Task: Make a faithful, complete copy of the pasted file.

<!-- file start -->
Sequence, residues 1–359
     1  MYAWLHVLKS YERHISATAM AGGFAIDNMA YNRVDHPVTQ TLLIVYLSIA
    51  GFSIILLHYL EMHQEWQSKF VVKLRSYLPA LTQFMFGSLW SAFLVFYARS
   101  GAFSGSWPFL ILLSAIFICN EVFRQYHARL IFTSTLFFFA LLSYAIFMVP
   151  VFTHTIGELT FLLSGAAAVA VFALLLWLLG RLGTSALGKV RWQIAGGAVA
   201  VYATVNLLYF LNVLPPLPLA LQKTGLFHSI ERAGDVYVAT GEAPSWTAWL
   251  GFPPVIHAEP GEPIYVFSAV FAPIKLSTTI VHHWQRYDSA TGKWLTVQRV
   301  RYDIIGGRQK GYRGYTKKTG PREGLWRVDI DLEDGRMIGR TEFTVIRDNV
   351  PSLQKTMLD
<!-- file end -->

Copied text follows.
Sequence, residues 1–359
     1  MYAWLHVLKS YERHISATAM AGGFAIDNMA YNRVDHPVTQ TLLIVYLSIA
    51  GFSIILLHYL EMHQEWQSKF VVKLRSYLPA LTQFMFGSLW SAFLVFYARS
   101  GAFSGSWPFL ILLSAIFICN EVFRQYHARL IFTSTLFFFA LLSYAIFMVP
   151  VFTHTIGELT FLLSGAAAVA VFALLLWLLG RLGTSALGKV RWQIAGGAVA
   201  VYATVNLLYF LNVLPPLPLA LQKTGLFHSI ERAGDVYVAT GEAPSWTAWL
   251  GFPPVIHAEP GEPIYVFSAV FAPIKLSTTI VHHWQRYDSA TGKWLTVQRV
   301  RYDIIGGRQK GYRGYTKKTG PREGLWRVDI DLEDGRMIGR TEFTVIRDNV
   351  PSLQKTMLD